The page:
Emily’s monster – living with panic attacks

By Renee Murphy

Standing in the middle of the checkout line at the supermarket, Emily* felt the familiar sense of panic starting to build.   

Her anxiety was a terrifying monster lurking in the background as she went about her daily life.  It followed her everywhere she went and could grab hold of her at any moment.  One minute she was fine.  The next she was having a panic attack.

Her breathing was too fast now.  Far too shallow.  There were droplets of sweat on her trembling hands.  Her heart was racing.   She had the repetitive thought that she was trapped.  If she could just get out she could get away from the monster’s grip. She tried hard to fight the horrible feeling off, but it continued to build.

In her mind, Emily saw herself running out the door, escaping the monster. Could the other customers tell she was crazy?  The last thing she wanted was to attract attention, so she did her best to look calm and ‘normal’ like all the other people around her.

It was her turn at the checkout now and her anxiety was peaking.  Emily felt detached from reality, like she wasn’t present in her own body.  She fumbled the groceries onto the checkout making no conversation with the checkout operator.  It was all she could do stop herself from fleeing.

Finally, she escaped into the fresh cool air of the car park.  As she loaded her groceries into the car, the feelings of panic slowly subsided.  The monster retreated into the background, but Emily knew he would be back.  She lived in constant fear of the next attack.

Emily had been suffering from anxiety attacks for the last few months and they were becoming more frequent.  She had begun to avoid situations that were likely to bring one on, turning down invites out for coffee and shopping trips with her university friends.  She made up up all kinds of excuses about why she couldn’t make it.  Crowded lecture theatres were also overwhelming, so she had started skipping classes.

The monster was ruling her life.  She knew she needed to seek help, so she made an appointment to see a counsellor at the student counselling service on campus.  It was the first step in regaining a sense of control and enjoyment in her life.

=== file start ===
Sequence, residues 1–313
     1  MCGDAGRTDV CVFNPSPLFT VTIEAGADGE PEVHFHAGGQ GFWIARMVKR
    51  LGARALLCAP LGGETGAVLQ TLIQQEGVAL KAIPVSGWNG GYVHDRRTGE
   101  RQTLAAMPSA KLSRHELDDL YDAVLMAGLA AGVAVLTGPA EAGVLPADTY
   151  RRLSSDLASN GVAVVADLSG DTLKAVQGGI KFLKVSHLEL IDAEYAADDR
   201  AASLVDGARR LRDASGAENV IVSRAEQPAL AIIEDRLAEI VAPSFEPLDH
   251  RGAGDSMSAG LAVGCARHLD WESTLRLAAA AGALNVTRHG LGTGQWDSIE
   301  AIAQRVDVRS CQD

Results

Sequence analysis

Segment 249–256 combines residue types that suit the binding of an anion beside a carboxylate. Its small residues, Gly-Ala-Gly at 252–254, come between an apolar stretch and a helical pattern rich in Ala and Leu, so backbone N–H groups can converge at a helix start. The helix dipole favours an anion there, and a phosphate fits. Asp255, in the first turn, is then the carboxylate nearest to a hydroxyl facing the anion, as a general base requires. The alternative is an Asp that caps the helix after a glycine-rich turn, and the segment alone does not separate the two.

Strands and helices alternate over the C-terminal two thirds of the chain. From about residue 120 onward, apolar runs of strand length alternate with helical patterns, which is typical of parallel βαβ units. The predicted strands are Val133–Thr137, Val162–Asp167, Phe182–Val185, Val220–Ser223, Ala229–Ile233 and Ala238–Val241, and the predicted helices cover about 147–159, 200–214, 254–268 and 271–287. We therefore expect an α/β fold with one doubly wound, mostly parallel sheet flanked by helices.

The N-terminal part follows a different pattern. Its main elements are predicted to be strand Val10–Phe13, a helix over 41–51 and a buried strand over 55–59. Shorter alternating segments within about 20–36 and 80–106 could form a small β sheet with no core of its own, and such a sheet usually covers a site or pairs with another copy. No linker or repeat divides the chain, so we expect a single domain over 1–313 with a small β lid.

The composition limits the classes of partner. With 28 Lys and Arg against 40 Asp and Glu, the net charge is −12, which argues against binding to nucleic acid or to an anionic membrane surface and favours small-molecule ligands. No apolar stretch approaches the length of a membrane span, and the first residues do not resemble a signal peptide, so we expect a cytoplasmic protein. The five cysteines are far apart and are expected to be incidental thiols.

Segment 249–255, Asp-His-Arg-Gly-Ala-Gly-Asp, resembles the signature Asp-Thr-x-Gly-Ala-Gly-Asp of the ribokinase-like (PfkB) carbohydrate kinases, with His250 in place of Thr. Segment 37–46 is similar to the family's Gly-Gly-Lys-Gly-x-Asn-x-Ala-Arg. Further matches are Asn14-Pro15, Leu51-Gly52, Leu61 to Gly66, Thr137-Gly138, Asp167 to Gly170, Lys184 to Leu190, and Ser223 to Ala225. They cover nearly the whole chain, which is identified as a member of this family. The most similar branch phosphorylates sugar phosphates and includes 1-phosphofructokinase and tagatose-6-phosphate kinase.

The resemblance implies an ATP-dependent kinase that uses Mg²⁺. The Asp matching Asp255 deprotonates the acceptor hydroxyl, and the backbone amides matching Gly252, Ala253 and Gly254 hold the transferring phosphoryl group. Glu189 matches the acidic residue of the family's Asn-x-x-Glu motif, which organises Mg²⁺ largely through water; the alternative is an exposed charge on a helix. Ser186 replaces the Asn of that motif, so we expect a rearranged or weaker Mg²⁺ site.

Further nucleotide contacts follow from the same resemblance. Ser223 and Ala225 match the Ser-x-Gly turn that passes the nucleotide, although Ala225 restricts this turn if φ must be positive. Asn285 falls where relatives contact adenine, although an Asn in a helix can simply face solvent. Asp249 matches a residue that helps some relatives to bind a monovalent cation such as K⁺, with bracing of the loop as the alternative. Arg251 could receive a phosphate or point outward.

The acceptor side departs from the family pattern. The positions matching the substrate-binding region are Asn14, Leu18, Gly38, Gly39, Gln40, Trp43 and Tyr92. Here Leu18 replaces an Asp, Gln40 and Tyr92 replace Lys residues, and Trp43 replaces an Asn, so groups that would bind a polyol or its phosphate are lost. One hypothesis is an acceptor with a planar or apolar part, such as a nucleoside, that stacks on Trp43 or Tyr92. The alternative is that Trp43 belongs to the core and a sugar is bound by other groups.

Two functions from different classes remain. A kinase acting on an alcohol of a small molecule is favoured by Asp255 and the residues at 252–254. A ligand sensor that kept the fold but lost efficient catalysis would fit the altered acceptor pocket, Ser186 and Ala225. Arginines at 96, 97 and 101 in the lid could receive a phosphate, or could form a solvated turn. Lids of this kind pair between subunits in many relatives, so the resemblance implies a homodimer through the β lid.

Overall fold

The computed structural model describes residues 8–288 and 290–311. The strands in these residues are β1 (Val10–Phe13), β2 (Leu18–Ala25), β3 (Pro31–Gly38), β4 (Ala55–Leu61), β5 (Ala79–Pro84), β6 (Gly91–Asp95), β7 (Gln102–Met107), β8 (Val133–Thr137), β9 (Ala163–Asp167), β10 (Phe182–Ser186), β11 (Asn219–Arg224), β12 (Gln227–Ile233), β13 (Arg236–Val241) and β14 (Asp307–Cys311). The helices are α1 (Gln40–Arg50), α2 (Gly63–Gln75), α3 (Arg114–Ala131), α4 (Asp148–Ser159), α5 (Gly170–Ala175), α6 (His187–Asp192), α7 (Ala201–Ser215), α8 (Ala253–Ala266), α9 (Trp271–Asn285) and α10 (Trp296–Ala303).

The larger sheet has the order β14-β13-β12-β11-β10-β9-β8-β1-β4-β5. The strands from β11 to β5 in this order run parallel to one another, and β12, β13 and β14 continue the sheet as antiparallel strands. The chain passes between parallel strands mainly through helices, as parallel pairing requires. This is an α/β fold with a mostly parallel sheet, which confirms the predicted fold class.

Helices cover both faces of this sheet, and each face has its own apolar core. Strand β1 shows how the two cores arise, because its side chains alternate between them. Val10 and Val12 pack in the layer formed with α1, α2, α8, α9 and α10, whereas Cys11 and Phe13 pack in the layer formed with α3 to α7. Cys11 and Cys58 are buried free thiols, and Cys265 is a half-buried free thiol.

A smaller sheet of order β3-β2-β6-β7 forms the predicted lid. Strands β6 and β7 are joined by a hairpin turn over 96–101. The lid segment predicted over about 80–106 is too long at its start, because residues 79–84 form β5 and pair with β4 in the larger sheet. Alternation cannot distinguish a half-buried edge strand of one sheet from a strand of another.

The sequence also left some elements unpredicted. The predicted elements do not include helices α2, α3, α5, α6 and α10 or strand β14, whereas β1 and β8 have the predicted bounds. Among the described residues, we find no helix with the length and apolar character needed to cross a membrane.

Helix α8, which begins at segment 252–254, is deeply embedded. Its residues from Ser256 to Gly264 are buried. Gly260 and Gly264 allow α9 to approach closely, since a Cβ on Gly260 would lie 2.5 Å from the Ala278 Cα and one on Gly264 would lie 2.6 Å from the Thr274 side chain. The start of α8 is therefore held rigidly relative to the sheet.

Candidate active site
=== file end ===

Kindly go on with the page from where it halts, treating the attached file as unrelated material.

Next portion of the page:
*name has been changed

Around one in ten people will experience a panic attack at some stage in their life. With the exam period looming stress can build for students. Make sure you are aware of the signs, and always feel comfortable asking for help.

What are Panic Attacks?

Panic attacks (anxiety attacks) are episodes of intense anxiety and dread which strike without warning.  They cause overwhelming physical and emotional symptoms and can happen at any time, even when a person is relaxed.

Common symptoms of panic attacks include:

  • Breathlessness
  • Fast heart rate
  • Sweating
  • Flushing or chills
  • Nausea and a churning stomach
  • Dizziness
  • Feelings of detachment from reality
  • Fear of dying, going crazy or losing control
  • Trembling or muscle twitches

Who is affected?

About one in ten people experience a panic attack during their lifetime.  Some people may have a single episode while around three per cent of the population have recurring attacks.  Onset is most common during late adolescence and early adulthood, although they can occur at any age.  Women are affected more commonly than men.

What causes panic attacks?

Attacks are often triggered by situations where a person feels unable to escape or in places where attacks have occurred previously.  They can be more frequent during periods when stress levels are high, such as during exams or following a divorce or the death of a loved one.

Getting help

Anxiety attacks can impact greatly on a person’s quality of life, as they may avoid circumstances which make them feel anxious and withdraw from activities they once enjoyed.

Anxiety and panic attacks are treatable and seeking support is a key step in regaining a sense of wellness.  It is best to get professional help early rather than hoping they will go away.

If you think you may be experiencing anxiety or panic attacks there are many options;

  • Discuss your symptoms with your Doctor
  • Visit the Student Counselling Service
  • Visit and take the anxiety test
  • Call one of the following free helplines:

Anxiety Line 0800 ANXIETY (2694 389)

Depression Helpline 0800 111 757.

Lifeline Aotearoa 0800 543 354

Youthline 0800 376 633

Talk to friends and family about how you are feeling so they can support you. Remember, asking for help is a sign of strength







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